Few plants speak to gardeners like roses. With their array of colors, intoxicating smells and many varieties, roses can put a personal stamp on any garden. Whether you opt for the freewheeling beauty of a climbing rambler, settle for the more traditional bush or fall for the ever-popular carpet variety, roses in any form have a distinct anatomy. Understanding it enables any gardener to grow truly amazing flowers.
Good roses grow first from good roots, and not all roots are the same. A healthy rose will have large anchor roots that serve as the plant’s foundation. They hold it upright and act as a storehouse for vital nutrients during the dormant season. From this network of thick roots many smaller, finer roots will emerge. These are the feeder roots. As their name implies, feeder roots provide basic nutrients to the rose during the active growing season.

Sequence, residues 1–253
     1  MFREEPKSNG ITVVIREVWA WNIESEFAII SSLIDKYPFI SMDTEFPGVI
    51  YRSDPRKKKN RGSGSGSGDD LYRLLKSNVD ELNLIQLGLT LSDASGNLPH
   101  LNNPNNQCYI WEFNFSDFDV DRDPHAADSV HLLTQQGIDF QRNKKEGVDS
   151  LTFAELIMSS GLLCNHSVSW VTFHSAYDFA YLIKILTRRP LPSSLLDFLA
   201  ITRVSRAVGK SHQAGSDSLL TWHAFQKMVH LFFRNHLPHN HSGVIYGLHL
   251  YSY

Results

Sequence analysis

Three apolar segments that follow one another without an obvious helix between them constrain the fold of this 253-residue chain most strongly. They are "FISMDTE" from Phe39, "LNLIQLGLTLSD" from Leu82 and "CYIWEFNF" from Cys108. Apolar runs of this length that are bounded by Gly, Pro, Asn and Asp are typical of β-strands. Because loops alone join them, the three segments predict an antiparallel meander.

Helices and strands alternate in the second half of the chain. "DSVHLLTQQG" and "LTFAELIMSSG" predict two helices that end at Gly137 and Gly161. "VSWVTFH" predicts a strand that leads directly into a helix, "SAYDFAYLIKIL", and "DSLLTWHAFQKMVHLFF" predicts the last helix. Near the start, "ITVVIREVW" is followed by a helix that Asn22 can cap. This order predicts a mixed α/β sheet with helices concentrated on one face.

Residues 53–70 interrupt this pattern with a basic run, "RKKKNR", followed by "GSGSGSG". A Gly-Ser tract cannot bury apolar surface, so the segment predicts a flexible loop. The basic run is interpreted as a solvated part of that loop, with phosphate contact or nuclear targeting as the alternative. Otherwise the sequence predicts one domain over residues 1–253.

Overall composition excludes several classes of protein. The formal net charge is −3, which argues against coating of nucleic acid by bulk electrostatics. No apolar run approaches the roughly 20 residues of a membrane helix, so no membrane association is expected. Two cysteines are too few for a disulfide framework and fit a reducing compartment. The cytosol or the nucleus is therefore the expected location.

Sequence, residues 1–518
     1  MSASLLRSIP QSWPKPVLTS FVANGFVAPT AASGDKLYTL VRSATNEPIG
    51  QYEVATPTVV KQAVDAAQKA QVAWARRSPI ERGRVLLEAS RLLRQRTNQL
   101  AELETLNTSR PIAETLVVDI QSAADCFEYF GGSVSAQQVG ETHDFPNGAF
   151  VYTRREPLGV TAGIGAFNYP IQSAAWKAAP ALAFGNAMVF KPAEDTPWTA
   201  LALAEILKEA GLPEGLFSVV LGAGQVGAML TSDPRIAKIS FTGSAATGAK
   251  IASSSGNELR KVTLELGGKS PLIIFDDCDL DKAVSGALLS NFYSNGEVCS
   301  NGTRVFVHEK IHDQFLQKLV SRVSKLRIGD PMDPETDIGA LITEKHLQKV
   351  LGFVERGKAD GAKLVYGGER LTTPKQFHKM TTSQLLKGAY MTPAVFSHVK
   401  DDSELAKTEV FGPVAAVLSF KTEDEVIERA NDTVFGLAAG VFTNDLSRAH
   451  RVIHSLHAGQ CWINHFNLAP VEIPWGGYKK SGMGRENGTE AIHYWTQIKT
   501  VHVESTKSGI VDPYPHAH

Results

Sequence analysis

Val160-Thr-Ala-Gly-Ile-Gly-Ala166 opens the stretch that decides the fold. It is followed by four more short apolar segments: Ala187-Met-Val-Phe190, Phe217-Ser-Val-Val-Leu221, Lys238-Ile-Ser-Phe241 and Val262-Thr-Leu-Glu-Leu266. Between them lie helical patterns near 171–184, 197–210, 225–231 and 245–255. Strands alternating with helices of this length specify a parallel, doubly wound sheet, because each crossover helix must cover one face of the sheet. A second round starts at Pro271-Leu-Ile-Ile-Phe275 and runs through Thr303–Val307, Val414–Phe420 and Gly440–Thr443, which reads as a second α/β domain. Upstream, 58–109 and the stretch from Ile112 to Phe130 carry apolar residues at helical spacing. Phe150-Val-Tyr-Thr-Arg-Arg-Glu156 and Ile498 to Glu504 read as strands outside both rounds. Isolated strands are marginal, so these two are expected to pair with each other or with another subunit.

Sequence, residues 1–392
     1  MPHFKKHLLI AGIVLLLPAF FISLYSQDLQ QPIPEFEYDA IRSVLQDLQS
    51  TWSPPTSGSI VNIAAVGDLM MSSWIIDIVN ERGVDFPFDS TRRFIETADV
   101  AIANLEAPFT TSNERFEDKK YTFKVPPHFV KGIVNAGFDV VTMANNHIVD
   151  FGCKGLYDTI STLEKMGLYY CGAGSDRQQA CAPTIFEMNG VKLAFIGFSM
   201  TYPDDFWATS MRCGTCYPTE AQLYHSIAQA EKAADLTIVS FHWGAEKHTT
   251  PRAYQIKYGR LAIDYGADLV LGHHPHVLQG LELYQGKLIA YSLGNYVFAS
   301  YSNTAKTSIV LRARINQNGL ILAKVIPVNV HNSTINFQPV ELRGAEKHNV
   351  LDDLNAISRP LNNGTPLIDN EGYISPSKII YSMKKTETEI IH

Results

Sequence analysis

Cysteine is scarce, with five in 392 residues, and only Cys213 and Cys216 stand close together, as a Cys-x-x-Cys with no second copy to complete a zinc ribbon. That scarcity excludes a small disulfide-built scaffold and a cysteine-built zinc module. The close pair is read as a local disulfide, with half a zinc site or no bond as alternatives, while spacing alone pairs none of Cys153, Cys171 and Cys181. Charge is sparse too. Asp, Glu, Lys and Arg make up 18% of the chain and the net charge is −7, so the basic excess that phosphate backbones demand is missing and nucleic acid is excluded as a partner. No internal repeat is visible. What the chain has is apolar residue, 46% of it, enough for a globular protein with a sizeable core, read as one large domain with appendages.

Rising up from the root system is the rose’s main stem, or shank. The shank and roots will usually come from hardy rose stock with a preferred flowering rose grafted to the top of the shank at the bud union.
The bulbous protrusion at the top of the shank is the bud union. Think of the bud union as the brains of the plant. It’s from the bud union that the new basal canes emerge, and it is this portion of the rose that is most susceptible to cold weather. In cold climates, the bud union is usually planted below soil level to protect it.
The rose plant's canes form the scaffolding of the rose, but like roots, not all canes are the same. Basal canes grow outward from the bud union, and strong basal canes form a framework for your plant. Redundant basal canes grow parallel to strong canes and should be pruned away to encourage vigorous growth in the strong canes. Unhealthy canes are weak and should be removed. Cross-over canes do just that--they cross over strong healthy canes toward the center of the plant, crowding it in the middle, and they should be removed as well.
Rose canes don’t just emerge from the bud union--they also grow from other canes at the bud eyes. The bud eyes can be found wherever a leaf is attached to a cane; it’s the swollen bulge just below a leaf. To encourage new canes to form, prune just above the bud eye at a 45 degree angle.
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